A severe weather system dropping temperatures more than twenty degrees and causing winter weather as spring begins, enters Arkansas today. While winter weather isn’t expected here, there is concern for severe storms with heavy rains increasing flood potential, with a slight risk of tornadoes still on tap.
The National Weather Service has already placed much of the state under a wind advisory through Wednesday night, with gusts in areas as high as 40 miles per hour. “Residents would be wise to plan for the possibility of power outages,” stated American Red Cross in Arkansas Disaster Director, Roger Elliot. “Between high winds, lightning with severe storms, it’s always better to be prepared in advance.” With numerous households only using cell phones, residents are advised to keep phones fully powered before storms move into your area. “A good investment is a solar charger, that has also been charged before it’s needed,” stated Elliot. A phone car charger is also suggested.
National Weather Service Little Rock Warning Coordination Meteorologist John Robinson states chances for severe weather are in a line “east of Yellville to Ashdown, with the greatest chances probably east of a line from Hardy to Little Rock to Camden.”
Flood warnings and advisories are already posted for some northeastern and southern counties from previous rainfall. “With forecasts of rain as much as five inches across eastern Arkansas and three inches across central counties, we ask everyone to stay aware of all watches and warnings that may be issued,” stated Elliot. “We know from events such as the flash flood emergency several southern counties experienced this past fall as Tropical Storm Isaac moved over Arkansas, a lot of rain in a short period can cause major problems.” Elliot recommends being aware of the level of any body of water near your home or workplace that should be of concern. “The small creek, with the right amount of water can overflow into your street or home with little notice,” stated Elliot. Keep your car filled at least a half tank of gas in case you need to evacuate a flooded area or detour. And remember to never drive into flooded streets, even those you’re familiar with.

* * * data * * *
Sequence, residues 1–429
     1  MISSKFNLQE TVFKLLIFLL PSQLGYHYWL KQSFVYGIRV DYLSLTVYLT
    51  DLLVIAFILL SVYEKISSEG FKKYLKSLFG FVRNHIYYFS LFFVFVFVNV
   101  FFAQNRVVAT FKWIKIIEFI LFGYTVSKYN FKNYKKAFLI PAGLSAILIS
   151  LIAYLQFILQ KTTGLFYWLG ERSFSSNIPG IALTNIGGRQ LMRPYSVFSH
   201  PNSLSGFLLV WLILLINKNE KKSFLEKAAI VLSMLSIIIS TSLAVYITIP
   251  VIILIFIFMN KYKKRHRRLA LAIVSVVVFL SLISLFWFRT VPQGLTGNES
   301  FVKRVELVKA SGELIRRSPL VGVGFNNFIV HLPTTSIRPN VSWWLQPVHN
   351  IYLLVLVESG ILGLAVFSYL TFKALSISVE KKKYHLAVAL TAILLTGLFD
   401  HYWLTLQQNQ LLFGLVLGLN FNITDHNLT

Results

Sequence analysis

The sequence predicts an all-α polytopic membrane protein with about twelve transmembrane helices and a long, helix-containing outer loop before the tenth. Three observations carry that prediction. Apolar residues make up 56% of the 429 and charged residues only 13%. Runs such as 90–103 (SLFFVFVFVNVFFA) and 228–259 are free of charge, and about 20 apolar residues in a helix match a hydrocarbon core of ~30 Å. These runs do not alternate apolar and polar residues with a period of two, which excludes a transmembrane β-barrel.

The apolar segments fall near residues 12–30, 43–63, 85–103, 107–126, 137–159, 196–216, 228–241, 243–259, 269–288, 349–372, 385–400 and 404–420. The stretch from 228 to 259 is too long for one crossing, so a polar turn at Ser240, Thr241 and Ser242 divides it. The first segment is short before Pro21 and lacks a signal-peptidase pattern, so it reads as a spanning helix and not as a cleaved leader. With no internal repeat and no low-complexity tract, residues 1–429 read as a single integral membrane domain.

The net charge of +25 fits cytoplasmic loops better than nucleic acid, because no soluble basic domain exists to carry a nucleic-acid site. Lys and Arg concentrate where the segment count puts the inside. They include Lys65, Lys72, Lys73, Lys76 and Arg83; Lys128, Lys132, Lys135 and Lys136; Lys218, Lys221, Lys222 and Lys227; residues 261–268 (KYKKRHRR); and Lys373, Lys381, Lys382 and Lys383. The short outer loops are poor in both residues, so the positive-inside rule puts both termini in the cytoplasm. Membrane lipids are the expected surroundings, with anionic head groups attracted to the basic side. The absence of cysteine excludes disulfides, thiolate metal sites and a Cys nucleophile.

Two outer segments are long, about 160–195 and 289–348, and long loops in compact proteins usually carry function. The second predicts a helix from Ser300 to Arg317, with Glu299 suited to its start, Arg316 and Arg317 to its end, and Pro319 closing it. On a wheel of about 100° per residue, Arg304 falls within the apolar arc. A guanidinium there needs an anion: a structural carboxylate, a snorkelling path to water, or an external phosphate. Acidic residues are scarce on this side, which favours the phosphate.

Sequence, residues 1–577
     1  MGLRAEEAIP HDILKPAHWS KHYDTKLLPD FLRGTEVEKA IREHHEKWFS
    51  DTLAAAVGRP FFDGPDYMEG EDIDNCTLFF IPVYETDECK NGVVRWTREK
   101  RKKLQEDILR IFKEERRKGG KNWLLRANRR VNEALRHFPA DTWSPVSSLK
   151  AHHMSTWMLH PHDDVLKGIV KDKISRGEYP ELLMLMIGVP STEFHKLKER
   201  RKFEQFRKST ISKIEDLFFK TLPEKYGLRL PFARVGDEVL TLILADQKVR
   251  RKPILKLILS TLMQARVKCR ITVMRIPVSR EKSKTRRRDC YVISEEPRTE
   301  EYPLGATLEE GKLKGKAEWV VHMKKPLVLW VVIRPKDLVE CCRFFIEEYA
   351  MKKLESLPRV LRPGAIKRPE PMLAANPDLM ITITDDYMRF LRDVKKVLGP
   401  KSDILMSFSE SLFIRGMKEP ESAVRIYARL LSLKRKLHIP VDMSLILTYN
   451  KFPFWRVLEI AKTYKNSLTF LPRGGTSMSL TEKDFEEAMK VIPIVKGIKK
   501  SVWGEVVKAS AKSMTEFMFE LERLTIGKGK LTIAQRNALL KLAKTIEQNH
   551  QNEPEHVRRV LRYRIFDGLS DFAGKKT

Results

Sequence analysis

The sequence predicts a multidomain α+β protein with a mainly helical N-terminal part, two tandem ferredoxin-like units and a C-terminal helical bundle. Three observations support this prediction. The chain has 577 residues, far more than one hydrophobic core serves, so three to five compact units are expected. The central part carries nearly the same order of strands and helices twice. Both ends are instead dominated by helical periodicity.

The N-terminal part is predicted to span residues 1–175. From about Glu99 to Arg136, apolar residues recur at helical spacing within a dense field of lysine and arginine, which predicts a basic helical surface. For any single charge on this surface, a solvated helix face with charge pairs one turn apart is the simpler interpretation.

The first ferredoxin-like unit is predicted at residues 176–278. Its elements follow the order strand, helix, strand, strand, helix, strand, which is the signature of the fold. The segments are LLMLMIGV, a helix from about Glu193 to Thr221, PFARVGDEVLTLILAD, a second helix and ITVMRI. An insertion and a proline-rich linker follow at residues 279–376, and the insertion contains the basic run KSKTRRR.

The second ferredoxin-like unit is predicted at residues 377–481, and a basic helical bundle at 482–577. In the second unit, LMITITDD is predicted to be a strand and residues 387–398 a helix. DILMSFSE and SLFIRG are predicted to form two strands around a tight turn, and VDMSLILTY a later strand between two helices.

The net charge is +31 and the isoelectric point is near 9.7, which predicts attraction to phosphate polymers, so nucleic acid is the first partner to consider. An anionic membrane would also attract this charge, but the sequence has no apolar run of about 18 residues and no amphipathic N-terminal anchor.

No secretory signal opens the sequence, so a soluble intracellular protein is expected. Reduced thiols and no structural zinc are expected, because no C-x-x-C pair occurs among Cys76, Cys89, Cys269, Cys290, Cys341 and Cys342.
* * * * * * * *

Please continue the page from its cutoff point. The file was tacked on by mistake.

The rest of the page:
Two great disaster tools to have--the Red Cross Tornado app and Hurricane app. “The Tornado app can keep you informed on severe thunderstorm and tornado watches and warnings; the Hurricane app has great tips before, during and after floods,” stated Elliot. Both apps are free and can be downloaded for your iPhone and Android app store. “Remember to put in your location, so watches and warnings can be sent to you.” Elliot added, “Don’t forget to add locations of family, friends, and college students to keep you informed to help them stay aware and safe.”
Features of the Tornado app, which also alerts you to severe thunderstorms include:
• Simple step-by-step instructions to help you know what-to-do even if the cell towers and TVs are down. Requires no mobile connectivity.
• Audible siren that automatically goes off even if app is closed when NOAA issues a TORNADO WARNING helping to reduce the chance of sleeping through an actual warning.
• Push notification sent when a WARNING expires – especially important if power goes out while you or your family is in your safe room.
• Be ready should a tornado hit by learning how to assemble an emergency kit for your family in the event of power outage or evacuation.
• Reduce your household’s stress and anxiety should a tornado hit by learning to make and practice an emergency plan.
• Preloaded content means you have instant access to all safety information at any time, even without reception or an Internet connection.
• Interactive quizzes allow you to earn badges that you can share with your friends and show off your tornado knowledge.
• Learn how to deal with food and water impacted by floods and power outages.
• Simply let friends/family know you’re safe with customizable “I’m Safe” notification sharable thru social media, text and email.
• Let others know where you are with the Toolkit’s strobe light, flashlight and audible alert functions.
It is most important before and during times of severe weather stay informed of changing weather conditions, to have an emergency kit with supplies at home, work or school and to make a plan to know what to do should emergency action be called for. “In addition to the critical information and tools provided with the Red Cross Tornado app, listen to your local media for specific weather information and your NOAA Weather Radio,” stated Elliot.